How to Build a Bodyweight Exercise Routine
As with any training regimen, you have to start by deciding what you're aiming for. "If it’s like a sedentary person who hasn’t really been trained that much, I’m going to put them on a much different plan than I would a professional athlete," Swenson says.
For general newcomers, it can be ideal to plan for 3–4 training days per week, which can give your body some time to recover in-between sessions. Swenson also recommends signing up for a guided app service like FightCamp or employing the help of a personal trainer. This extra support for your training can help better ensure you're performing each movement with the correct form. "You don’t know what you don’t know, so if nobody ever points that out to you, you’re not going to look for it, and if you continually do those same patterns, you’re going to have muscle imbalances which could lead to injury," he says.
If you are confident in your abilities and have a good grasp of the movements required, Swenson still recommends recording yourself during training or working out in front of a mirror to give feedback on your form from time to time. It's a continual progress that you should constantly monitor, because as Swenson notes, our bodies are always looking to adapt movements for the most efficient pathways possible, "The body knows all the cheat codes." Even after you've been training for weeks, months and years, your form can falter at times, which will require some readjustment on occasion.
In terms of reps and sets per regimen, Swenson typically employs the Optimum Performance Training Model for new clients. This training blueprint moves you through varying levels of intensity and rep ranges targeting different factors associated with growth and progression.
"I start them on the stabilization phase where you’re holding a lot of planks — front planks, side planks, reverse planks, hip thrusts, kind of seeing where we’re at there, building up all those stabilizing muscles. Then from there, [we] go into muscular endurance where you’re starting to rep it out more, like 10–15 reps with push-ups, squats, lunges. All of those basic movements," Swenson says.
"And then, once you’re kind of solid there, then we move into the more explosive power phase where you’re working jump switch lunges, burpees, box jumps. Stuff like that that’s really explosive, working the fast-twitch muscles. And then once you’re there, then we kind of mix and match constantly, so the body reacts to novelty."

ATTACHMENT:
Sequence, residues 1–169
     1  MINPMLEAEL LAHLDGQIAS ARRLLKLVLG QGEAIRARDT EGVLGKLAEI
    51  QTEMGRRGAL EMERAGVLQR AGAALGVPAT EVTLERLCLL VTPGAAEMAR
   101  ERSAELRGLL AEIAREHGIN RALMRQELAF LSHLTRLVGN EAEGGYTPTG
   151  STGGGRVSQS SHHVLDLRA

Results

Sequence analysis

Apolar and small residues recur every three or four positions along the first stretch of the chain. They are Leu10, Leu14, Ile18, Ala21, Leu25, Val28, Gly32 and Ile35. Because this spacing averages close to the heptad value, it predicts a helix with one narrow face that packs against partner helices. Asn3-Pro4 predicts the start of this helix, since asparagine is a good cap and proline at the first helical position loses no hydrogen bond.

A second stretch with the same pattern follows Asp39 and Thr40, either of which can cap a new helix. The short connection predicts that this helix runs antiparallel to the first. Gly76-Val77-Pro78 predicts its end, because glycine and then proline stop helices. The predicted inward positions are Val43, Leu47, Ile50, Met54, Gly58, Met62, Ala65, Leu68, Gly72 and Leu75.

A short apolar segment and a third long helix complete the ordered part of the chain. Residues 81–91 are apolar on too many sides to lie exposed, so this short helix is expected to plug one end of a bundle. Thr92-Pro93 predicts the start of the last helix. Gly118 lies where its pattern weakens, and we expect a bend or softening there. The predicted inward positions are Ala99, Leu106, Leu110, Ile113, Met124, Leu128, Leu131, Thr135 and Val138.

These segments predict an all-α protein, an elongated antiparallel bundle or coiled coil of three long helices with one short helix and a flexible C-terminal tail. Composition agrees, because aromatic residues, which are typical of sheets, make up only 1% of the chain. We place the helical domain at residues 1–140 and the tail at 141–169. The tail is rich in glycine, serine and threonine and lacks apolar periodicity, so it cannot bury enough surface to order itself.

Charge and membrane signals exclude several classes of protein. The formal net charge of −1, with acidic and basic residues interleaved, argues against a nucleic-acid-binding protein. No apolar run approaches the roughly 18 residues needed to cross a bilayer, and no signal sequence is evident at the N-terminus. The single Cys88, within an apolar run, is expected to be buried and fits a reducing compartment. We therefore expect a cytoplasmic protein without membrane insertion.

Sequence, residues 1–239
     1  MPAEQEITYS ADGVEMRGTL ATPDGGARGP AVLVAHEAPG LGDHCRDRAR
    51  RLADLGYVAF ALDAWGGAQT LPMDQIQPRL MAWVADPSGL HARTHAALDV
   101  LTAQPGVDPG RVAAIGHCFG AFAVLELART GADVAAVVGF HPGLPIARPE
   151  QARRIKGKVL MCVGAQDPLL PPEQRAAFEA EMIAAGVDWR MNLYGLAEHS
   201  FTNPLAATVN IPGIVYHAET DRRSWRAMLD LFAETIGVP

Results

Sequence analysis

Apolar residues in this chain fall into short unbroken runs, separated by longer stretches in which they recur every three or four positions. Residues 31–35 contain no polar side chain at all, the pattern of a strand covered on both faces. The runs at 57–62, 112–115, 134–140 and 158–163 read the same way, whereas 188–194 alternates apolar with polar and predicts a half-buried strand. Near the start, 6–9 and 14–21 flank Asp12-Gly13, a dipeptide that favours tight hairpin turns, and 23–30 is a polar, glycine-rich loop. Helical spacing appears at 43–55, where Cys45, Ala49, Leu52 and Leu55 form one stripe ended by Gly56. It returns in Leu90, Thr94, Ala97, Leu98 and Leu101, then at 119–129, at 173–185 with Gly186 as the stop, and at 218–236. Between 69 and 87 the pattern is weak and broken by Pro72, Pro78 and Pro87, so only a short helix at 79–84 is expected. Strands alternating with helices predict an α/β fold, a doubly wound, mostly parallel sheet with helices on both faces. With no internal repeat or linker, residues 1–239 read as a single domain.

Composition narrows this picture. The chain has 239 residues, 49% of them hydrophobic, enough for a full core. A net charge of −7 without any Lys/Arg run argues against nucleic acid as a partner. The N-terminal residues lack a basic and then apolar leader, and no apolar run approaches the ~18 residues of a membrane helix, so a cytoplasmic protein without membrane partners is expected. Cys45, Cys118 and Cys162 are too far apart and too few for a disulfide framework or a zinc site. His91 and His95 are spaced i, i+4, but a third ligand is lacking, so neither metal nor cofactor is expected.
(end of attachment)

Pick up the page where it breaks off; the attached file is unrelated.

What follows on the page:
The exercises you choose can be up to you or your personal trainer, and there's no wrong answer. Swenson, for example, recommends pairing a push movement, like a push-up or tricep dip, with a pull movement like a glute bridge. Others might want to structure a session solely on either upper body or lower body modalities. In the end, make sure to choose a workable rep range across a handful of exercises, like the ones listed below.
Swenson also recommends building a routine that has you moving in all directional planes of motion. Front-to-back, side-to-side and twisting movements can help engage the posterior chain more and keep the body on its toes, eliminating any of those potential cheat codes and resulting in more progress and performance.
The Best Bodyweight Exercises
The plank is a great core exercise and also serves as an effective starting position for a handful of other bodyweight movements. To complete a plank, lie prone on the floor with your elbows bent. Next, raise your frame and core off the ground into a suspended position, supported by your forearms and feet only while maintaining a straight back. Squeeze your scapula together as if you're trying to hold a pencil in-between your shoulder blades, and engage your core to help maintain that straight profile. Hold for a set amount of time, depending on your ability.
Yes, we all know the push-up, but it's worth revisiting its mechanics because it's easy to do poorly.